Should be:

    suggesting that it might have been they who buried their kin.

    You’re welcome.

  5. Read Table S2. There were 4 adult males in the grave, although only one was a father of some of the children in the grave: one aged 16-17, one 20-25, one 18-20 and one 40-50. So at least three and maybe all four were of fighting age. The one aged 20-25 had injuries to the right arm, suggesting that he might have put up some resistance before being overcome and executed by blows to the head. He was the only one to exhibit any defensive injuries to the bones, although soft tissue injuries can’t be ruled out.

    I think that rules out the theory that the men killed their own women and children.

    What seems most likely to me is that most of the men left the settlement, maybe to attend to their grazing livestock, leaving a small number of males behind to guard the settlement, but that they were surprised and overcome by a larger force of attackers. When the main body of men returned to the settlement, after the attackers had gone, they found what had happened and then carried out the burials in a careful manner with full knowledge of the relationships between the deceased.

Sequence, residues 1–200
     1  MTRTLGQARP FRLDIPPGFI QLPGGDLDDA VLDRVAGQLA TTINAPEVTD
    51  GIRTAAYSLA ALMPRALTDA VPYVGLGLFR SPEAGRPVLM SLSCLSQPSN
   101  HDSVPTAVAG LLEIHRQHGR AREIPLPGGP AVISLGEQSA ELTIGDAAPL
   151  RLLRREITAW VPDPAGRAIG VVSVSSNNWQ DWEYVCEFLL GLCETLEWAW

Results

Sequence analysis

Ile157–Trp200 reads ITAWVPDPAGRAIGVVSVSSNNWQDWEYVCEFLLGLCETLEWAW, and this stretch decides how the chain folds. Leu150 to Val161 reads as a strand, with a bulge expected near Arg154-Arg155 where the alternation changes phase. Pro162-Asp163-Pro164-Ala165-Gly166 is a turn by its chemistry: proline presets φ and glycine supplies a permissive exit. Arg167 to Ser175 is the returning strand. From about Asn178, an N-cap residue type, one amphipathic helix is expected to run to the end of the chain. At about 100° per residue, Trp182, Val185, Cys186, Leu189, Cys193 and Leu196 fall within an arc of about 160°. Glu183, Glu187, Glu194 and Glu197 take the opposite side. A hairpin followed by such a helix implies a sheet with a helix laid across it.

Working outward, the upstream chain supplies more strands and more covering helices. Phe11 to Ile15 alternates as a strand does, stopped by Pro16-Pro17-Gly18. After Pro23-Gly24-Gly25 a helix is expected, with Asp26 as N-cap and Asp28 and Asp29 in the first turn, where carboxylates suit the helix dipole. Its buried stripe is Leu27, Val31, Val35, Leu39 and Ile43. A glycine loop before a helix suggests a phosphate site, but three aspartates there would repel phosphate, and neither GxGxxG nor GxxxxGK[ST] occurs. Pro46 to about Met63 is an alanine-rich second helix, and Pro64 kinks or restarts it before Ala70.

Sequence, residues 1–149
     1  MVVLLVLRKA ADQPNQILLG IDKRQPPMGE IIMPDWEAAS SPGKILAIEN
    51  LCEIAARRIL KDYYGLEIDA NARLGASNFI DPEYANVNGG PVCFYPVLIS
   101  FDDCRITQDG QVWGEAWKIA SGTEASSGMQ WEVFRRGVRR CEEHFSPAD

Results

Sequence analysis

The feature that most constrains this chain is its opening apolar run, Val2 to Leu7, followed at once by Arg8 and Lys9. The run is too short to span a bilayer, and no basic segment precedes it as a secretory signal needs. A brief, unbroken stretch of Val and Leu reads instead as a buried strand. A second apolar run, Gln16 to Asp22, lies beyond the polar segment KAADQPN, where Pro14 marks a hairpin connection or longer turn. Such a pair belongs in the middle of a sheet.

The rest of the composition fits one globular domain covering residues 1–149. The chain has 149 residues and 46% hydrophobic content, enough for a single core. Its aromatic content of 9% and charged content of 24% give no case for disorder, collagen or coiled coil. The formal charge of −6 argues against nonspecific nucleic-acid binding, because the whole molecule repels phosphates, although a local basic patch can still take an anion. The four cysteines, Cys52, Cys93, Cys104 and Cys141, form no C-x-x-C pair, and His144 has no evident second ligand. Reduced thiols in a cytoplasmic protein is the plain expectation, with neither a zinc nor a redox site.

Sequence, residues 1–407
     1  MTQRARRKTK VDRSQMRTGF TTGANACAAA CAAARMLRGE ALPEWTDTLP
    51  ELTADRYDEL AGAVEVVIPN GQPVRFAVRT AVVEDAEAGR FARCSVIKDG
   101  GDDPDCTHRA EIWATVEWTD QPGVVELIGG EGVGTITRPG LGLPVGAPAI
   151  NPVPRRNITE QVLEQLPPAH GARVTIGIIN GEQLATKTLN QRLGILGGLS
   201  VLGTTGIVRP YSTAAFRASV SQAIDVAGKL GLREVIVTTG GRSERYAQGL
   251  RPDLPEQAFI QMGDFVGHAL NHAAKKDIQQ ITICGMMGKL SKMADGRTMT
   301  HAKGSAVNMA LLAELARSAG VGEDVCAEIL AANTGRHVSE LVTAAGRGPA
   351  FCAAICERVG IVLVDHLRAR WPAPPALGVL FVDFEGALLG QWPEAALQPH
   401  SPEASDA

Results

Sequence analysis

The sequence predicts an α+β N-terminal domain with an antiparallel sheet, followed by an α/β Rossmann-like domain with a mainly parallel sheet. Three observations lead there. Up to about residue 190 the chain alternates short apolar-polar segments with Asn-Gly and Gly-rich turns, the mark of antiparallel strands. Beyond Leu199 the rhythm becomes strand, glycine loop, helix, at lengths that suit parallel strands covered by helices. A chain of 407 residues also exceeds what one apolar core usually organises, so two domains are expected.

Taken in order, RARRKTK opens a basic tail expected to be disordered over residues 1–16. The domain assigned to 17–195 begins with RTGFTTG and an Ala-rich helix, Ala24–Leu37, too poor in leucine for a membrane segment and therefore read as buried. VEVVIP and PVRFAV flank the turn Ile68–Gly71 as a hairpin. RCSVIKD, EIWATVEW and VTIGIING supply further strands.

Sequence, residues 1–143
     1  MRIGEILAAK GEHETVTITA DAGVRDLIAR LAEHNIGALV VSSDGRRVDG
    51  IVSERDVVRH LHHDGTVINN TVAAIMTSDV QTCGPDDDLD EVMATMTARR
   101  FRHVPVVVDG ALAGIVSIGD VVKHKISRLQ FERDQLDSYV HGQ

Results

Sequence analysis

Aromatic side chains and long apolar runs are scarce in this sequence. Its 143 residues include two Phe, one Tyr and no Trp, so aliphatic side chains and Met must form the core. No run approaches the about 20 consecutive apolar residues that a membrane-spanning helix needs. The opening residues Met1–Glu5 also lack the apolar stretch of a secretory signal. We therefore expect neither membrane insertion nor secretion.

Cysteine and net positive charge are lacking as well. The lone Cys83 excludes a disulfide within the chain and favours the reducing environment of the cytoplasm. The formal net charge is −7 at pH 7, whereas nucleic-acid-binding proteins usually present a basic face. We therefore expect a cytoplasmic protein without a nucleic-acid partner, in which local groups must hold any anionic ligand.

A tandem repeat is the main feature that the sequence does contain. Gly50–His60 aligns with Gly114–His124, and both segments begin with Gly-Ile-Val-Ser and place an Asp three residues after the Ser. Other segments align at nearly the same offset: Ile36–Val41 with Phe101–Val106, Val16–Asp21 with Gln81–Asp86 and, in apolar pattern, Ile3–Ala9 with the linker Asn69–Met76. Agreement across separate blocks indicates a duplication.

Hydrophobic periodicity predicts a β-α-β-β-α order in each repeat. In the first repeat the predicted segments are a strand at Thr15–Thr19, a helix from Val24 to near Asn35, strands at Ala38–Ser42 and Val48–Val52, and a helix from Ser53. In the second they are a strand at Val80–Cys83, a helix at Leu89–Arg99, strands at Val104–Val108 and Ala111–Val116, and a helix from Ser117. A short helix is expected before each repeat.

Motive: either competition for grazing land for livestock, or genocidal.

  6. Nope, I missed a couple – there were 6 adult males in the grave: 16-17, 20-25 (with right arm skeletal ‘defensive’ injuries), 18-20, 30-40 (partly charred, so no idea what happened to him – maybe pushed into a fire after being killed) and two aged 40-50. It doesn’t change my assessment.

    Plus the guy with the arm injuries had cut marks on the arm bones, so soft tissue injuries to some of the others can’t be ruled out – someone was using a bladed weapon.

    Someone please tell me if I am reading this wrong.

  7. I think this is a good assessment:

    “What seems most likely to me is that most of the men left the settlement, maybe to attend to their grazing livestock, leaving a small number of males behind to guard the settlement, but that they were surprised and overcome by a larger force of attackers.”

    If the attackers were Corded Ware Indo-Europeans, one tremendous advantage they would have over their GAC victims was horse mobility. Even if they did not use horses much in battle (probably some fought from chariot, but who knows how a raiding party would have been disposed), horses would give them the ability to appear as if out of nowhere, strike a settlement, and be gone before any effective resistance could be mustered. Your scenario of the village being raided while the men were out in the fields and coming home to butchered kin and ruined homes is very plausible in light of that.